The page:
He says, “As can beseen, videogame violence consumption in society is inversely related tosocietal youth violence” (Ferguson). In a graph shown by Ferguson, it tells thereader that there is an inverse, or opposite, relationship and so there is nodirect link. “The Need for a Research Focus on the PossibleCausal Link Between Violent Behavior and Videogames” by Clebourne D. Maddox,focuses on the video games themselves and their impacton media violence. He starts off talking about CIS, or computers in school andhow technology has affected in school education. He says that his field hasbeen focusing on making mobile devices suitable for in school use, but theyneed to change their focus to finding a link between violent video games andviolence. He states that the video game market has increased, ” EntertainmentSoftware Rating Board reported that gaming is a 10.5 billion dollar industry,67% of all U.
S. households play video games, the average gamer spends eighthours a week playing video games, and 25% of gamers are under the age of 18″(Clebourne), Clebourne tells us that it is a multi billion dollar company andthat more than half of households have a video game player in it. Out of that60%, not everyone is an extremely violent person or mass shooter, when talkingabout those topics, all surroundings should be examined. Essentially, thiseditorial focuses on how the accessibility & increased production ofviolent video games requires that greater research advances be implemented todiscover if there truly is a link between violence and violent video games.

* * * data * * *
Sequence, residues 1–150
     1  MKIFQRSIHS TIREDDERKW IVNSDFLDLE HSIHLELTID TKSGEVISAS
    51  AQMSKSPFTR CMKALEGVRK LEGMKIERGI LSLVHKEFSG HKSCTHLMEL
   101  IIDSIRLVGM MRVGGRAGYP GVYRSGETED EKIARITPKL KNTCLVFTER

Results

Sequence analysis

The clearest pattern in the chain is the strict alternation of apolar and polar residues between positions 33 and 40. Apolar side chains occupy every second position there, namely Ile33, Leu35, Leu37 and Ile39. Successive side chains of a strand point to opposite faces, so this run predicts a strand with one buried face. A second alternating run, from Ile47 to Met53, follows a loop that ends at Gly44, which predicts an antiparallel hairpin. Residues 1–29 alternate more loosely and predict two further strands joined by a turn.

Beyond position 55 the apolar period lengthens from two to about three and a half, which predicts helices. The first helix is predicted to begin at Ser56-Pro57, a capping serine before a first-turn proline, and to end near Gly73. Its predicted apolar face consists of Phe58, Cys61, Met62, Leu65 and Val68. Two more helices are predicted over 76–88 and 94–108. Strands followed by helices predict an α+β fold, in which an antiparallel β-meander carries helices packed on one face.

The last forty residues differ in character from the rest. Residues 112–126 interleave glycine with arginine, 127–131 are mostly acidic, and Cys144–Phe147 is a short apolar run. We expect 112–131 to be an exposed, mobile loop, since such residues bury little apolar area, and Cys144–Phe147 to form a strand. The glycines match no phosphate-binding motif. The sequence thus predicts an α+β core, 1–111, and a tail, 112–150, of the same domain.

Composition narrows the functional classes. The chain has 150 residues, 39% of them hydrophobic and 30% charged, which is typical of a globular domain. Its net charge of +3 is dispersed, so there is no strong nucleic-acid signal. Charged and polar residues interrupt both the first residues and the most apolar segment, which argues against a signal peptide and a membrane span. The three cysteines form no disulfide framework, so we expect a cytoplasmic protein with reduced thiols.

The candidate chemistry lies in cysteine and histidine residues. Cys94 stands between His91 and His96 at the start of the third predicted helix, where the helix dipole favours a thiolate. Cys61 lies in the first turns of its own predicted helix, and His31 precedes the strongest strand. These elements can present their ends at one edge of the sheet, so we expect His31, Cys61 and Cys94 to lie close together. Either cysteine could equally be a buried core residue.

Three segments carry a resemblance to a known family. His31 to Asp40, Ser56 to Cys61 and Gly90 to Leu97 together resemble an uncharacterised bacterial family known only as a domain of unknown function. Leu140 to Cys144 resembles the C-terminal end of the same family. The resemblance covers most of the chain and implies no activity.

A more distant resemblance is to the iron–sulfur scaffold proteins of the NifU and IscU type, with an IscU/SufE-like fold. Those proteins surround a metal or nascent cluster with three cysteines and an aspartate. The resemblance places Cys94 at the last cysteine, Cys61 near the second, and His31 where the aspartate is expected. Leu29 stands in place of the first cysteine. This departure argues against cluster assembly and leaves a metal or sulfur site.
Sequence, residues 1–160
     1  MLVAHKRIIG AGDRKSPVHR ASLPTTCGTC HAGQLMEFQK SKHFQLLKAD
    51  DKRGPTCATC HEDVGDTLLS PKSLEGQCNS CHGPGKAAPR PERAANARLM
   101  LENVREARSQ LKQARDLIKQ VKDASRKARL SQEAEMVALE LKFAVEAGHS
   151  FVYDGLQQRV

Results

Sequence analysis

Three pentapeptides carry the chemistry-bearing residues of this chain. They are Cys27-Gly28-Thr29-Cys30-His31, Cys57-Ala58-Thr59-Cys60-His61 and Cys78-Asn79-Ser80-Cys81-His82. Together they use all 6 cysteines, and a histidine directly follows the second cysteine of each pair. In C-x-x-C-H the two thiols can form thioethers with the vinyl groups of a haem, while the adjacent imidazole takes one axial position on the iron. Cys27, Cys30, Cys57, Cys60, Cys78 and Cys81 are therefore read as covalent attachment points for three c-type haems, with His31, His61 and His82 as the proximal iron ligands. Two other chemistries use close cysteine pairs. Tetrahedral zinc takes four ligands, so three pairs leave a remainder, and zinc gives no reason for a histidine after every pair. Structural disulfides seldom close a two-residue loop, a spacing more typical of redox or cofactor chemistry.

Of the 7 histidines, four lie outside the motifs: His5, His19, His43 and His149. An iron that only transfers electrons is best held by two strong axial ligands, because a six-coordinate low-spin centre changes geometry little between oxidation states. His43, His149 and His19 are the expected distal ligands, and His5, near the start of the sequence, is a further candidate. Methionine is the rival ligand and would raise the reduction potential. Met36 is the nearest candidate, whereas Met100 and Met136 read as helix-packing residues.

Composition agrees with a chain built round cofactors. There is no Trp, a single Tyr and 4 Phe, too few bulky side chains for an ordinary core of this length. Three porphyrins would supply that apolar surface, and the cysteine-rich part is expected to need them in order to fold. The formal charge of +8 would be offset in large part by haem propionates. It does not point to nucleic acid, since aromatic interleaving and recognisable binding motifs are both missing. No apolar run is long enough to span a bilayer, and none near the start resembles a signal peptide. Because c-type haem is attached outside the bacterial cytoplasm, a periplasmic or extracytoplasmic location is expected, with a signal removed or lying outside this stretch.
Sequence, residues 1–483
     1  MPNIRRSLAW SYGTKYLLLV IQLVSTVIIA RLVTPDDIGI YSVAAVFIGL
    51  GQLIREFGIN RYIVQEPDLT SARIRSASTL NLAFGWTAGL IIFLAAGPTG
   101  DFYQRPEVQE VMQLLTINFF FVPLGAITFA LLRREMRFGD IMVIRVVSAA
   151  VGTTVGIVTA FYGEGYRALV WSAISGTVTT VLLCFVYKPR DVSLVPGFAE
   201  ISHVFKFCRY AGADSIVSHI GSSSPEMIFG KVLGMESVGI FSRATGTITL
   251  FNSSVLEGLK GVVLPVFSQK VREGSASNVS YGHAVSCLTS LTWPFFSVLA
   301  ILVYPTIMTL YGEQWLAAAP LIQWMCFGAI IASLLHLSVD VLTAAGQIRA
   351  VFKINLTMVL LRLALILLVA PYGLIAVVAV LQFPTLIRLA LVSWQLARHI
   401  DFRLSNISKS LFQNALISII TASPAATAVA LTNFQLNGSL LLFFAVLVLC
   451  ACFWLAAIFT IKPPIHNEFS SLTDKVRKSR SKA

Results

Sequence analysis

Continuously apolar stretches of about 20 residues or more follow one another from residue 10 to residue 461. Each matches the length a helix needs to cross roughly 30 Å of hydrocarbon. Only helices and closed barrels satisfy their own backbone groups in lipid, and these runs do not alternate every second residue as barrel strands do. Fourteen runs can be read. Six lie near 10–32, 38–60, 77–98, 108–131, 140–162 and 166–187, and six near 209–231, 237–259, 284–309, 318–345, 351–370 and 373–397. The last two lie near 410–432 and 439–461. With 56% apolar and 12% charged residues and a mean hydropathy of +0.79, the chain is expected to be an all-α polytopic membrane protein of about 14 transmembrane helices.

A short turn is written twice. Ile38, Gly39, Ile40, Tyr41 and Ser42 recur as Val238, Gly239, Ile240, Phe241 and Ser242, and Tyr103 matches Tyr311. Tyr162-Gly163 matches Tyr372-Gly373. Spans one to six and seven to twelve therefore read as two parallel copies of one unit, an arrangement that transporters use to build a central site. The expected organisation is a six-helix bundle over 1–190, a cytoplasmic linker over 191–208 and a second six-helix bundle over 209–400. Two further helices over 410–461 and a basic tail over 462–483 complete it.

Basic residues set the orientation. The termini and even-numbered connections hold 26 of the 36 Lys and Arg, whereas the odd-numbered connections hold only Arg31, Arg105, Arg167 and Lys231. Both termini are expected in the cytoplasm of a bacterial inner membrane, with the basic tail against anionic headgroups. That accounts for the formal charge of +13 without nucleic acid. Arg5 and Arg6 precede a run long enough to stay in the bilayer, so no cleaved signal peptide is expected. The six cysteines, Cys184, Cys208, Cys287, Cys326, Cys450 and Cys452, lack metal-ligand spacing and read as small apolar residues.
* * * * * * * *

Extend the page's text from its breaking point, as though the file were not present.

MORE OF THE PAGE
Susan Scutti of CNN also talks aboutvideo games and its link to violence in her article “Do video games lead to violence?”- She starts the article byreferring to the 18 year old shooter in Munich that was reportedly an avidvideo gamer, shootings are increasing yearly, and so is technology. InClebourne’s article, he states that 60% of all U.S. households have a videogame console in them, the study does not relate to Germany but there are goodchance that a mass shooter could have been part of that 60% and played videogames. Fingers should not directly be pointed towards only one aspects of thatperson’s life. Scutti talks about how the American Psychological Associationand the American Academy of Pediatrics are very against the idea of minorsplaying violent video games.